FIG. 13 is a schematic diagram of a mantel for the heat compartment of FIGS. 7 and 10 according to one aspect of the present disclosure.

FIG. 14 is a schematic diagram of a mantel for the heat compartment of FIGS. 7 and 10 according to another aspect of the present disclosure.

DETAILED DESCRIPTION

It should, of course, be understood that the description and drawings herein are merely illustrative and that various modifications and changes can be made in the structures disclosed without departing from this disclosure. Like numerals refer to like parts throughout the several views. It will also be appreciated that the various identified components of the space heater disclosed herein are merely terms of art that may vary from one manufacturer to another and should not be deemed to limit the present disclosure.

With reference to FIG. 1, a schematic of a conventional fuel fired, hot air space heater 105 is illustrated. The heater is the type which that would operate on externally supplied electrical power from a local power grid or a generator. The heater 105 includes an enclosure 115 for housing a burner 111 operably connected to a heat exchanger 112. A fan 114 is provided at an inlet of the enclosure for generating air flow through the enclosure. The enclosure 115 is configured to manage the cooling air flow created by the fan 114 and to protect the burner 111 and heat exchanger 112 from environmental conditions. The burner 111 provides the combustion process and supplies hot gas through a gas conduit 117 to the heat exchanger. Spent hot gas is expelled to the atmosphere by an exhaust pipe 113. Air flow created by the fan travels around the burner, through and around the heat exchanger contained by the enclosure leaving as a heated breathable air stream 116.

The burner 111 provides an atomization process and air mixing. The atomization process can be vaporizing, air atomized by using a small compressor or blower, spinner, or high-pressure nozzle (not shown). The atomized fuel is introduced to combustion airflow and ignited to produce a flame pattern that is managed within the burner. The hot gases leaving the burner can still have a visible flame pattern of unburned fuel depending upon the type of atomization process selected and the downstream requirements of the thermal qualities of the exiting hot gas. Thus, the hot gas conduit 117 is shown to visualize the collection of burner hot gasses; although, the heat exchanger 112 can be directly connected to the burner 111. The heat exchanger 112 can be a multi-pass type which is designed to be radial with multiple passes connected with crossover tubes. The heat exchanger 112 provides cooling airflow between the multiple passes and crossover tubes with lesser air flow around an outer area.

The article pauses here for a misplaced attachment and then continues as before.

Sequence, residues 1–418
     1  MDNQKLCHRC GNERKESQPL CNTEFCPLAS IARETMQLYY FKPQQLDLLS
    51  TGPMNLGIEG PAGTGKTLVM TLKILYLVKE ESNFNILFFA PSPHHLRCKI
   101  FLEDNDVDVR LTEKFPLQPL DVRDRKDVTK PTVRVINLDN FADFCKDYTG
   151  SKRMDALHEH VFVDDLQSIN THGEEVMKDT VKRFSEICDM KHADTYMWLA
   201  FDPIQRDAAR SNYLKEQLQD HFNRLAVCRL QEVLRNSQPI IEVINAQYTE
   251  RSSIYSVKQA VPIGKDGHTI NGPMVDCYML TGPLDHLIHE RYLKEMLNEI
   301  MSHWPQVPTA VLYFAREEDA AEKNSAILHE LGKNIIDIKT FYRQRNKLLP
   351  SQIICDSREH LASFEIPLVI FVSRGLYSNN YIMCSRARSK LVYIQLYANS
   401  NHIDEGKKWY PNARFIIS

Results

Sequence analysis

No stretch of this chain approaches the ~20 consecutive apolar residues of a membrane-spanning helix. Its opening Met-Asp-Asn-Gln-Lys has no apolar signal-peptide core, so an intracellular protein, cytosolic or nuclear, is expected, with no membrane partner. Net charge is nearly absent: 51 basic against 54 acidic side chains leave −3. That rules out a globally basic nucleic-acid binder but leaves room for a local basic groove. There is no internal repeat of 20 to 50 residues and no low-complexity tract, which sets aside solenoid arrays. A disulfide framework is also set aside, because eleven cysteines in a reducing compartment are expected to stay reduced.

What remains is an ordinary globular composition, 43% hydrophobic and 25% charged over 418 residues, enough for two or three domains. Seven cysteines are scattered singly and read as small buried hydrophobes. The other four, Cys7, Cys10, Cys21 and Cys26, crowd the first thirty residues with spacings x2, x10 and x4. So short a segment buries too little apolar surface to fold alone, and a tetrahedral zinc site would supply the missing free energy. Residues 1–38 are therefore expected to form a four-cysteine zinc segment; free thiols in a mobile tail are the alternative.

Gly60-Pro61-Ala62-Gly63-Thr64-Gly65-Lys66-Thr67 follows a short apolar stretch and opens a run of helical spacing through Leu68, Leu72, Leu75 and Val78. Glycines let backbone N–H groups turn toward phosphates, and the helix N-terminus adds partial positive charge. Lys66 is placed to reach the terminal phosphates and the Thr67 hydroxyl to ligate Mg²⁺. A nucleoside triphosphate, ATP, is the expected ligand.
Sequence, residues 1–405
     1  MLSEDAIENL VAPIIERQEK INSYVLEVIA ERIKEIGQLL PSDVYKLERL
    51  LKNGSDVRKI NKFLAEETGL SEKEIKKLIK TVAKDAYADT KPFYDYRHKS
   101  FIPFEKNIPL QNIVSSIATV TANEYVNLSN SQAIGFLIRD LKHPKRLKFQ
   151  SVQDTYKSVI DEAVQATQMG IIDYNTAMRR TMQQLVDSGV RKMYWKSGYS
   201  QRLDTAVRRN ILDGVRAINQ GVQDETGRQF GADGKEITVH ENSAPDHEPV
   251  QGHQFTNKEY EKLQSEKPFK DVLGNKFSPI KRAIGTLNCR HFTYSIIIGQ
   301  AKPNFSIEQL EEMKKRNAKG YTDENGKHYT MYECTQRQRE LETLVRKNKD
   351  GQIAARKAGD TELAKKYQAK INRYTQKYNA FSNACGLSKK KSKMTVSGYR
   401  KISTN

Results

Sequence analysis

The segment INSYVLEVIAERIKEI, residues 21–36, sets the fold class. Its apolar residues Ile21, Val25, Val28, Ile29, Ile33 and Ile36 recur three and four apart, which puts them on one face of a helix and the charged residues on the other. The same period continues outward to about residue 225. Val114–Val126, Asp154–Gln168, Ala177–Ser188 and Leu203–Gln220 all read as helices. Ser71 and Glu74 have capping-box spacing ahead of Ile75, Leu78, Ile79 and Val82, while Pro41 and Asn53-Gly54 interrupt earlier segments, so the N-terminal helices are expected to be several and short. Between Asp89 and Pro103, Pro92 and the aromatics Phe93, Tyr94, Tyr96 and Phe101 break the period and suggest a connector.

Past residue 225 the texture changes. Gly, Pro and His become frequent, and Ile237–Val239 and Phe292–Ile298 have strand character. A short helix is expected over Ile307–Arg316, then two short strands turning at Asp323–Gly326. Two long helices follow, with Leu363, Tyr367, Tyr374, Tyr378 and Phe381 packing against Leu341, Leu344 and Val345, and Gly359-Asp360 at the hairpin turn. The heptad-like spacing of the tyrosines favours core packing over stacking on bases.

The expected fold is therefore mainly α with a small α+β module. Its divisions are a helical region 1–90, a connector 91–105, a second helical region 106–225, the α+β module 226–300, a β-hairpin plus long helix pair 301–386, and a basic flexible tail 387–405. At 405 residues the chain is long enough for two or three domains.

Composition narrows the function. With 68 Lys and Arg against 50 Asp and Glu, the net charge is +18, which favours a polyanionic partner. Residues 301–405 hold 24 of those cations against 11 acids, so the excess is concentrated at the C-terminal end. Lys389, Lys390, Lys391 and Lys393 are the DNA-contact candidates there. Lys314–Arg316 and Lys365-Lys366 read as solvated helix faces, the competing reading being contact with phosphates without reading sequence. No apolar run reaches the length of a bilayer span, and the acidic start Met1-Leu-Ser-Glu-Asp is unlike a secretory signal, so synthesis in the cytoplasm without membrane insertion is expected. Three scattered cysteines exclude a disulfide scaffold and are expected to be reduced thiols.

With reference to FIG. 2, a schematic of a conventional self-powered heater 110 using a thermoelectric generator 50 is illustrated. A battery 25 is provided for starting and post purging the self-powered heater. The battery is recharged by the thermoelectric generator, thus, no external power is required for operation of the heater. The air inlet fan 114 draws air with or without a return duct (not shown) and creates an air flow through the enclosure 115. The burner 111 provides the combustion process for supplying hot gas through a hot gas conduit 117a to the thermoelectric generator 50. The generator supplies hot gas through a hot gas conduit 117b to the heat exchanger 112, the hot gas exiting the heat exchanger via the exhaust pipe 113. Air flow created by the fan 114 exits the self-powered heater 110 with or without a supply air duct (not shown) as a heated breathable air stream.